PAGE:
Lotusmere built 850 Bugles and 20 of the long wheelbase Bugle Plus2s before the UK buggy market crashed, funding was withdrawn and the project was mothballed in 1972.
Fibresport retained three Bugle moulds and one Bugle Plus2 mould and made a few unofficial Bugles between 1972 and 1979 advertising in custom car magazines. Two of the moulds were reposessed, one of which was then purchased by Chris Watson of CW autos. Fibresports retained the long wheelbase mould and one short wheelbase mould. The long wheelbase mould as sold off, the fate of the short wheelbase mould is unknown.
CW Autos acquired the project in 1979 but very little is known about it during this time and there are no documented production figures. Chris certainly produced a few buggies, James Hale who was to become the next owner recalls seeing two of his demonstration buggies at a kit car show in the 1980s.
GT Mouldings didn't buy the moulds from Chris Watson, the Bugle disappeared for many years and two moulds were offered to James Hale by someone in the buggy world in 1995. The moulds were in a poor condition, the mould for the rear screen hoop and the rear biit lid were missing. GT Mouldings moulded two bodies cut them and made them into one based on a slightly longer chassis using only a twelve inch shortening rather than Sharman's sixteen inch cut. This change was made as the rear bulkhead of the original Bugle prevented the seats being moved back far enough to accomodate taller drivers, this also improved the handling characterisitcs over the shorter Bugle. The twelve inch cut has the added benefit of making the chassis shortening process easier as the rear chassis spine curvature is more easily aligned after cutting. The original Bugle front bulkhead moulding was also the front nose-stiffening panel that abutts the headlight bowls and didn't really fit the VW chassis very well. GT Mouldings made an entirely new front bulkhead based on a similar one from a Manta Ray buggy which correctly fits the front chassis sections, made as a separately moulded part and then bonded onto the body.
They managed to borrow an original hoop from an existing 1970's Bugle which featured the Plexiglass rear screen and alloy retaining strip along the bottom edge. This was rather complicated for the purpose and GT Mouldings made a moulded-in rear lip as part of the product. While this makes the part tight to get out of the mould in production, the benefit is the hoop design can then accomodate a glass rear screen. If an owner wished they could fit a heated rear screen, an improvement consistent with the original oppulent thinking of Sharman's Bugle concept. The Rear engine cover mounting mould was missing but they inherited a pattern and made a brand new mould for it, the bootlid pattern was cut out of MDF on a CNC cutter and a new mould made from the blank.
The other change GT Mouldings made was the the headlight bowls. Sharman's Bugle didn't have headlight bowls at all, instead the headlamp units relied on an interference fit with the body to secure them. GT Mouldings bought a pair of original beetle wings and cut the headlight bowls out of them and took moulds off the insides of these. The bowls are then moulded with a shiny gelcoat inside and a rough outside to aid keying the glassfibre matting when they are bonded to the car giving proper water protection for the lamp units.
GT Mouldings produced ten of these amended bodies under the name Bugle2 but due to the changing nature of the buggy market and the introduction of new models (most with strong reference back to the traditionally styled buggy designs the Bugle was intended to surpass) the Bugle lost out and was withdrawn. GT Mouldings were producing a number of different buggies and took the decision to concentrate on the more economically viable models and the introduction of their own GT Buggy into the market in 1997 changed their whole buggy production.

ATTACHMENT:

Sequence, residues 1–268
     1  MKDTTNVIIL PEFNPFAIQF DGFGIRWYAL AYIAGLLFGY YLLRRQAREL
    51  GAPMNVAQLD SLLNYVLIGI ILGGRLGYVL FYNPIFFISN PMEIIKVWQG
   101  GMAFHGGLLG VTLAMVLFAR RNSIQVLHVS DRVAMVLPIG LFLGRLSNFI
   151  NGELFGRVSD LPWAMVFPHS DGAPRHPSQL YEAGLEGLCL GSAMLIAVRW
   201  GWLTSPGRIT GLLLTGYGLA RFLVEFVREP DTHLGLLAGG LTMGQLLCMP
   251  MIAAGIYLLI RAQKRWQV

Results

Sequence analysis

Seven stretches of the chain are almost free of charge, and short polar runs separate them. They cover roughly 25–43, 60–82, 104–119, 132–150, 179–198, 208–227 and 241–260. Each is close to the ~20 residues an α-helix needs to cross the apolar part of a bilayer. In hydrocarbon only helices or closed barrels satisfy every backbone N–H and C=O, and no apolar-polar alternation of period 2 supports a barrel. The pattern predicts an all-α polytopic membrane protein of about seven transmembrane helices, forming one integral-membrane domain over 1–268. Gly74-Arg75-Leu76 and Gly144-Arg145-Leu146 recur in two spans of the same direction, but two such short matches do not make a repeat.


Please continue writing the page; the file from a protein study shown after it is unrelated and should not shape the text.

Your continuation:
Eight complete Bugle2s still remain. Of the ten originally built one was lost when it burnt out and body number two has not been built into a car yet.
GT Mouldings sold the Bugle project to the Armstrong brothers, Tony and Rob in June 2003 with the intention of putting the Bugle where it belongs most, back on the road.
One Bugle2 was then produced in 2005 for the Channel 4 television channel's "T4 on the Beach" event from James Hale's mould and, funding permitting, further are planned for production.
The T4 Bugle2 was built in just seven weeks with production commencing the second weekend of April 2005 after Tony Armstrong received a call from Channel 4's T4 production team asking for a buggy for the show. The show was week eight after the build started and due to the time constraints some elements of the work had to be subcontracted.
The chassis was taken to Flatlands Engineering for shortening and DA Mouldings in Essex were sub contracted to make the bodyshell in 10oz fibreglass layup. SSP were contacted to supply the wheels and running gear spares and local welder Ryan Minister fabricated strengthening plates for the steering mounts and made rollbar alterations. Michael Russ, local auto-electrician made a new wiring loom.
One of the original long wheelbase bodies has been sourced with a view to using it as a reference in creating a new mould for the long wheelbase body but stylisitcally this body looks "too long" and Tony wants to make the long wheelbase body look shorter by altering some of the rear proportions before commencing manufacture.
An original short wheelbase Bugle body has been acquired and following on from GT Mouldings advancement using the same methods, there are plans afoot to cut and modify this body for plugging a new long wheelbase Bugle possibly to be the Bugle3.
By David Howe
with contributions by Roland Sharman, James Hale and Tony Armstrong